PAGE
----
3. You connect the battery or batteries backwards.
Danger: May or may not blow up the UPS. It’s quite easy for the designers to guard against this mistake, but I’ve no idea how many do.
If your new battery is the same type as the old one, you have to be pretty seriously dedicated to screwing up in order to connect it backwards. It’ll probably be connected with two spade lugs of different sizes; getting them the wrong way around can only be achieved if you’re the sort of person who hammers a USB plug into a VGA socket.
If you’re connecting a UPS to a bigger battery that has different connectors, though, it’s usually quite easy to connect it backwards.
Whatever happens, this particular mistake probably won’t set anything on fire.
4. You accidentally short out one or more of the batteries. Even little sealed-lead-acid “gel cells” can deliver a lot of current into a dead short, and very high current delivery is the major design goal of car batteries. The worst possible way to do this is to have a couple of batteries you’re trying to connect in parallel, and to accidentally connect one of them backwards. (This is also what happens if you get the leads mixed up when jump-starting a car. In that situation one of the batteries is usually pretty flat, but a quite stimulating physics demonstration may still ensue.)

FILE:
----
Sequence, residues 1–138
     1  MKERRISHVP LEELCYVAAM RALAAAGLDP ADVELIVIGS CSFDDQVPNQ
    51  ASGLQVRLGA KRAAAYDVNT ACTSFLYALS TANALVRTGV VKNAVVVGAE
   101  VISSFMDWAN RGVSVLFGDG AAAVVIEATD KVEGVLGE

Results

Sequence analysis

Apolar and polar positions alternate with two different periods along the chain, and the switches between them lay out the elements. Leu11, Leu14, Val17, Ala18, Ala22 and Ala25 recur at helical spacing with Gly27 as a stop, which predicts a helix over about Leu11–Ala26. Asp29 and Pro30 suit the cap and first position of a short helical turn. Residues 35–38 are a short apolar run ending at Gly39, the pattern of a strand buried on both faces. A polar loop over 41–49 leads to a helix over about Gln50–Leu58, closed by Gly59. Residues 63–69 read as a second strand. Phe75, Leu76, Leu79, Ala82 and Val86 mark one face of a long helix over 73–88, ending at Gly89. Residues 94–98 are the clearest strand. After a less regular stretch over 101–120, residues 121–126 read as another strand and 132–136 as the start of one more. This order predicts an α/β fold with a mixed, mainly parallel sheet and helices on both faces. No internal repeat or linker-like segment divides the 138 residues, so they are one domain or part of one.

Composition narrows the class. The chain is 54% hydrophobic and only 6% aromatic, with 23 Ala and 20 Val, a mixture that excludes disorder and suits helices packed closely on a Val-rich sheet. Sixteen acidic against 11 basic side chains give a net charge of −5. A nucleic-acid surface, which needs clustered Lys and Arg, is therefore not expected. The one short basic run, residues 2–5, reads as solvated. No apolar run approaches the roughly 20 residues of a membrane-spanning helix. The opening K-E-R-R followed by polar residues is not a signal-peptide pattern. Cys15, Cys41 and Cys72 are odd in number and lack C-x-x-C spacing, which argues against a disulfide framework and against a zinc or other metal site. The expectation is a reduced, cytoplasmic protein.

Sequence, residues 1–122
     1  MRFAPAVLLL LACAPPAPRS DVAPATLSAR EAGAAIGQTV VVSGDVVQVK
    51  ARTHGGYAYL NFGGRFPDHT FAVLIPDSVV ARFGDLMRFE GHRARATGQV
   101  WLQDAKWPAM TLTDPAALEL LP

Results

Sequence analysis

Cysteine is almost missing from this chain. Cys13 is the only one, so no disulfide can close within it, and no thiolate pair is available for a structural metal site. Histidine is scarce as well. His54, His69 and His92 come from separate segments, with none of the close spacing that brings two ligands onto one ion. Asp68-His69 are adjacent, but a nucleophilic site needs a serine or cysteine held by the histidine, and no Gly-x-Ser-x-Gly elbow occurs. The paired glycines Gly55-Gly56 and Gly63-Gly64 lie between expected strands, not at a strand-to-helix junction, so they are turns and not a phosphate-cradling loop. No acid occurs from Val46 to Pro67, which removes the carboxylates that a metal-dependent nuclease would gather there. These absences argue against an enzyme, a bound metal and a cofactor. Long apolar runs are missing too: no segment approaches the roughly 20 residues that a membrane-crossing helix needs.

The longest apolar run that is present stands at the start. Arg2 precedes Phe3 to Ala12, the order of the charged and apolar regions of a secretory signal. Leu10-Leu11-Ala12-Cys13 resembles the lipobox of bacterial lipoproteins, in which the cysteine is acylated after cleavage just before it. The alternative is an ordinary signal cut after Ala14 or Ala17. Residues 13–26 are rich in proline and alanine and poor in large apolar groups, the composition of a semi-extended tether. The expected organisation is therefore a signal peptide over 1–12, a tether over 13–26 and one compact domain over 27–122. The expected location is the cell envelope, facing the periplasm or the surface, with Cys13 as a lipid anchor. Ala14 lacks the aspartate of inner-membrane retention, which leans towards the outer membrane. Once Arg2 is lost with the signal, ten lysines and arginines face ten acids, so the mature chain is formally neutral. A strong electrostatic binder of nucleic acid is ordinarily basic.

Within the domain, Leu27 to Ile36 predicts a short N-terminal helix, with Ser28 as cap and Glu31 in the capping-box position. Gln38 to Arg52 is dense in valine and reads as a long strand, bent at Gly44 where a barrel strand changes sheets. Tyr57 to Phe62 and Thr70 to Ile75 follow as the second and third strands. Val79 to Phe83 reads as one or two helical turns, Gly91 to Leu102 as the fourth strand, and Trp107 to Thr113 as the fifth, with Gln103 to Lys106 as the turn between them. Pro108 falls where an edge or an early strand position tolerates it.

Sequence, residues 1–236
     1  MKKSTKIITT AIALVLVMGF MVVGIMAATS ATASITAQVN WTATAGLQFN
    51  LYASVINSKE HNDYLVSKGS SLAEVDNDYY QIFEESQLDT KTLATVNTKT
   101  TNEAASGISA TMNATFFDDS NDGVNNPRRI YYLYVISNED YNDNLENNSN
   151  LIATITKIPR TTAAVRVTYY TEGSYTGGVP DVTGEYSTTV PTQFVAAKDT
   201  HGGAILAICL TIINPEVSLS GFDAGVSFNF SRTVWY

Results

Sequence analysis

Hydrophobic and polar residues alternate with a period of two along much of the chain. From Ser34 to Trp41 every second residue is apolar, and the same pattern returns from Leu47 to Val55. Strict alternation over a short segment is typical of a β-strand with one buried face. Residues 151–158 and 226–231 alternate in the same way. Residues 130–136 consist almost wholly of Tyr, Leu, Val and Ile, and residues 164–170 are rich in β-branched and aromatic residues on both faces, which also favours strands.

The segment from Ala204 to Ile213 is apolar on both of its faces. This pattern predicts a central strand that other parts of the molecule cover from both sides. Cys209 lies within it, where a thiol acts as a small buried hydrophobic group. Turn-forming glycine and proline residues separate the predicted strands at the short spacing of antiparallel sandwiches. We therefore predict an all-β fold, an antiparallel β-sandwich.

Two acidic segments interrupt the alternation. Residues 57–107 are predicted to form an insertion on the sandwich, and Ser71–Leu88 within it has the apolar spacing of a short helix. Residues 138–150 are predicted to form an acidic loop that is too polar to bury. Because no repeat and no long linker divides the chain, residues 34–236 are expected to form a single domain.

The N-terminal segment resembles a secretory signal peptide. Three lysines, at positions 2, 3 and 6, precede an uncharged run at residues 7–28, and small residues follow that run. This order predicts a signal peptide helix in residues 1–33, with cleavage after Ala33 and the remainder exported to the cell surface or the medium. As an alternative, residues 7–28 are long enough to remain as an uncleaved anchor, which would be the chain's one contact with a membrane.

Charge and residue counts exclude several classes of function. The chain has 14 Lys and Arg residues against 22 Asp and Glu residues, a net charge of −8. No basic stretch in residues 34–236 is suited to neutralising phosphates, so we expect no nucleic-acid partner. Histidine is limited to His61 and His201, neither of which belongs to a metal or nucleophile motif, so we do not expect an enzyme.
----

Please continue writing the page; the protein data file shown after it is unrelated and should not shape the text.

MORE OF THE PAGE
Result: From alarming to spectacular. Red-hot wires. Smoke and possibly flame. If you break the short-circuit quickly, though, the batteries themselves should be OK.
If you’re building a battery pack for a cordless drill or R/C car or something, you can do it with discharged cells, which makes accidental short-circuits harmless. You generally can’t do that with lead-acid batteries, because running them flat damages them. On the plus side, if you’re upgrading a UPS battery you’re probably not soldering any cells or batteries together; on the minus side, while you’re running longer wires to connect a bigger battery outside the UPS, there are many opportunities to short the battery out.
(If you’ve got a liquid-electrolyte lead-acid battery, you can drain it of electrolyte while you work, which makes it harmless, just like building a battery pack from flat cells. The best solution if you’re going to be fooling around with wires connected to a high-current-capacity battery is to buy a brand new battery that comes “dry”, and buy your electrolyte separately. Note that lead-acid battery electrolyte is roughly 30% sulfuric acid, and should be treated with respect; battery acid won’t melt the flesh from your bones, but it is still not your friend. This is all overkill for what we’re talking about here, but I want to be as exhaustive as possible in writing about this stuff for the benefit of readers whose situation is not the same as yours.)